This principle reminds us to train only one response per signal. On the surface, that sounds simple enough. For example, pressure on both reins together only means slow your feet. Of course, we can have several different cues to ask for the same response - in this case, we could have a seat cue and a verbal cue that also meant 'slow your feet'.
By keeping this principle in mind when we are training, it helps us make our cues really clear for the horse. As an example, I teach all of my horses to move their hips to the fence or mounting block and stand quietly for mounting (because I think mounting from the ground is less than ideal and I have very short legs, haha). The cue I use for this is to tap the left hip with the whip and release when the left hip moves left (yes, into the pressure, unusual, but like anything, works very well if you're clear with your cue and release). When I then want to work the horse on the ground and have him/her move around me, if I use the same cue of tapping on the hip, the horse may become confused.
There are two solutions to this problem:
1) Use a slightly different cue for the 'hips to the fence' lesson. Tapping the horse a bit lower down the hindquarter or on the gaskin will also work well and I often get riders, that are new to my training, to train it this way.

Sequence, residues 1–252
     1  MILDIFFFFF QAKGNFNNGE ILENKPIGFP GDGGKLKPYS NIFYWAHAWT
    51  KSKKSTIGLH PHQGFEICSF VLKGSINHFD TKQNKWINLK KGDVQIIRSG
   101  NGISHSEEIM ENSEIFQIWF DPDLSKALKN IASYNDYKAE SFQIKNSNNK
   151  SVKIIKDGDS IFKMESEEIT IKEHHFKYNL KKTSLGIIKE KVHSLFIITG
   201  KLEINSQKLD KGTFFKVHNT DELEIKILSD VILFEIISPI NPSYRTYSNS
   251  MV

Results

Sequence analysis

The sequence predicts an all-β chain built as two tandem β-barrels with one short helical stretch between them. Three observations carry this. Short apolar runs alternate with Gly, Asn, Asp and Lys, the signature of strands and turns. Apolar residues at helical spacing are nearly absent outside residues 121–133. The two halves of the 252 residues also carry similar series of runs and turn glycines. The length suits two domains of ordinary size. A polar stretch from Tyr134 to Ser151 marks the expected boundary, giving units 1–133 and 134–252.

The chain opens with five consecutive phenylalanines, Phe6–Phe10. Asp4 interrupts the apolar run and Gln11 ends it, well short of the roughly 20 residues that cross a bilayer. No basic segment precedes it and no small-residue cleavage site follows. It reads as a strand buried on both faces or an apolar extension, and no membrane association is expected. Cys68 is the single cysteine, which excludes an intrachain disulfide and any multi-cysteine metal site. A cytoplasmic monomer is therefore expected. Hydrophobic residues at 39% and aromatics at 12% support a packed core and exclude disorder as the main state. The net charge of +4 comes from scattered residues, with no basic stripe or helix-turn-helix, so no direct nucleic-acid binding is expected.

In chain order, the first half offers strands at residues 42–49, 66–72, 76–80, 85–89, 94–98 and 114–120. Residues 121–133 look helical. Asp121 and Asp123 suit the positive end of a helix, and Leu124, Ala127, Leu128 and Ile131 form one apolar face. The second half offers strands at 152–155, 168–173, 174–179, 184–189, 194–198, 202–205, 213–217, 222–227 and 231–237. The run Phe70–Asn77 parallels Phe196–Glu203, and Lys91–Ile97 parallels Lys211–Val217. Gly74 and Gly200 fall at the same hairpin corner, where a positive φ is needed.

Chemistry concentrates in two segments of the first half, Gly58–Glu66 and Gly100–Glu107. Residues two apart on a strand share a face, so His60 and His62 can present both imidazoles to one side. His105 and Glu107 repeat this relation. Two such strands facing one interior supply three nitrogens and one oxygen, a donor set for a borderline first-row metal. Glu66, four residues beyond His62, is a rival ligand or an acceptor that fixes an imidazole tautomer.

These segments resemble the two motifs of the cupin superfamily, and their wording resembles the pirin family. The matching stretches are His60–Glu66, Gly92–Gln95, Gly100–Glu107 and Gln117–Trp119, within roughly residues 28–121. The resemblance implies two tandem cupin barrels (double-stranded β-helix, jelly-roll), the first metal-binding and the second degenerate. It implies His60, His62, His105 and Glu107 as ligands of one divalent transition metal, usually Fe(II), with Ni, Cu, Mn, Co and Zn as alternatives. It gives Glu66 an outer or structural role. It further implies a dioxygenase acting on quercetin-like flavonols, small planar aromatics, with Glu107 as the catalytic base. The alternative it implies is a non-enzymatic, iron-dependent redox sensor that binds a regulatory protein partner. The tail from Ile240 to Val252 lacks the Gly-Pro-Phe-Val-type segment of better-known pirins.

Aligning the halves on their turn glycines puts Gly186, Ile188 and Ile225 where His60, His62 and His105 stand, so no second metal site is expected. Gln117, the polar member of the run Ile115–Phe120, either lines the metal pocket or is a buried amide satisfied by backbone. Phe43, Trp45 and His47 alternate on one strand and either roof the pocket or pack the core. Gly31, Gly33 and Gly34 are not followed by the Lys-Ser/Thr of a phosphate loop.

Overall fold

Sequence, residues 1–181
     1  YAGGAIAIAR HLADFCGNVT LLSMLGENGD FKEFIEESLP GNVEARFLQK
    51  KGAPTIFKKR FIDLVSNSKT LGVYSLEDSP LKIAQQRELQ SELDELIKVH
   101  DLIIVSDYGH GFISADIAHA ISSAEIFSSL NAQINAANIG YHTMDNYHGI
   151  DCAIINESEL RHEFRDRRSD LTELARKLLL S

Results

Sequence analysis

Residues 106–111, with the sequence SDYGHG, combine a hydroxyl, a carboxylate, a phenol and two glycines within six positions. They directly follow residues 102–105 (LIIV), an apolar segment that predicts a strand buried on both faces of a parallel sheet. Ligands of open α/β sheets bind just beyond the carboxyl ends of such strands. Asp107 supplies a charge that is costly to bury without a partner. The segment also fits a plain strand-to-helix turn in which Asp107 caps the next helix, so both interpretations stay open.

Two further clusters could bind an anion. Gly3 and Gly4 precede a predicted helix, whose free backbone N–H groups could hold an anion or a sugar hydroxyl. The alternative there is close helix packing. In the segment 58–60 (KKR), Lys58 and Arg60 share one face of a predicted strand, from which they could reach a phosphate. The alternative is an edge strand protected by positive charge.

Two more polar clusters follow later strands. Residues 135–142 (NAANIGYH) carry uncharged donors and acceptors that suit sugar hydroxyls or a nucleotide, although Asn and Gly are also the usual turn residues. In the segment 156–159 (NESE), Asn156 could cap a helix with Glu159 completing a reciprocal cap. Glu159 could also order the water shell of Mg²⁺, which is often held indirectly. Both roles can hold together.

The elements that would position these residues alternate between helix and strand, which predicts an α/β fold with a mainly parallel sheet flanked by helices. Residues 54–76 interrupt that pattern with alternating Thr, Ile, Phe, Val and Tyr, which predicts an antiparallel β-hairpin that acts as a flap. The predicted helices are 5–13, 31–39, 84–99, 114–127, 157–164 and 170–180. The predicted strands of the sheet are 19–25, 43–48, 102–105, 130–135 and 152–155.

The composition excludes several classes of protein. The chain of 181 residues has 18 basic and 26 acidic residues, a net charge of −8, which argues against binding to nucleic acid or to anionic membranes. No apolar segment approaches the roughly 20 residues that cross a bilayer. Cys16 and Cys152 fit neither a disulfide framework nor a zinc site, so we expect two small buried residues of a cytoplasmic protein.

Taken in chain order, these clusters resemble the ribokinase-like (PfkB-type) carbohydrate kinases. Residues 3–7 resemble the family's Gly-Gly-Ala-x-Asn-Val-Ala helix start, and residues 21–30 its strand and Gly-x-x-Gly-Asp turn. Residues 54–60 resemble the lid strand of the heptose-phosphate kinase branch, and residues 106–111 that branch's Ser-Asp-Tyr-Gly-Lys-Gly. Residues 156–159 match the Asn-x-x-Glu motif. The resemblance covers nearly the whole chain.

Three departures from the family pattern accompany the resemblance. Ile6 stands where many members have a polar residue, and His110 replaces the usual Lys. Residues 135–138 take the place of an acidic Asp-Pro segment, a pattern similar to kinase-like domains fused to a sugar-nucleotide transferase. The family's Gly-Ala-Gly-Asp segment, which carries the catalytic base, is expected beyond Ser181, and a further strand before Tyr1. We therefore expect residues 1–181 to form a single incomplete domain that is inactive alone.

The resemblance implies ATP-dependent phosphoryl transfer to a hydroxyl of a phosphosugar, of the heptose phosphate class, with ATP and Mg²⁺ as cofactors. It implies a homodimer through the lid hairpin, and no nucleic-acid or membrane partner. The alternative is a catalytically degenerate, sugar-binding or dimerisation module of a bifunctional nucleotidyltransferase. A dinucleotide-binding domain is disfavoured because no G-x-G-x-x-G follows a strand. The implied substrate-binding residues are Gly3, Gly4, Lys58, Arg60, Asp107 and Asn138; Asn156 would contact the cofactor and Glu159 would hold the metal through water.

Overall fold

2) Use tapping the hip as a simple 'go forward' cue and shape that behaviour quickly so that the cue becomes your climbing on to the mounting block or fence or clicking your fingers in the direction of the hindquarter. This leaves tapping the hip for 'go forward' and clicking fingers for move hindquarters left. Personally, I teach it this way.
One particular instance where this principle is clearly important is when we look at re-training the off-the-track horse. These horses have experienced a lot of meaningless pressure and rein tension, in particular, can mean 'go faster' as well as 'go slower'. Of course, this is very confusing for the horse but we can clarify these signals once we start training in a systematic way. Check out the Off the Track Module in the Kandoo Equine Training for details.
Have you ever found a horse that appears confused about how to respond to a particular signal because it has more than one correct response? Leave me a comment below and let me know.
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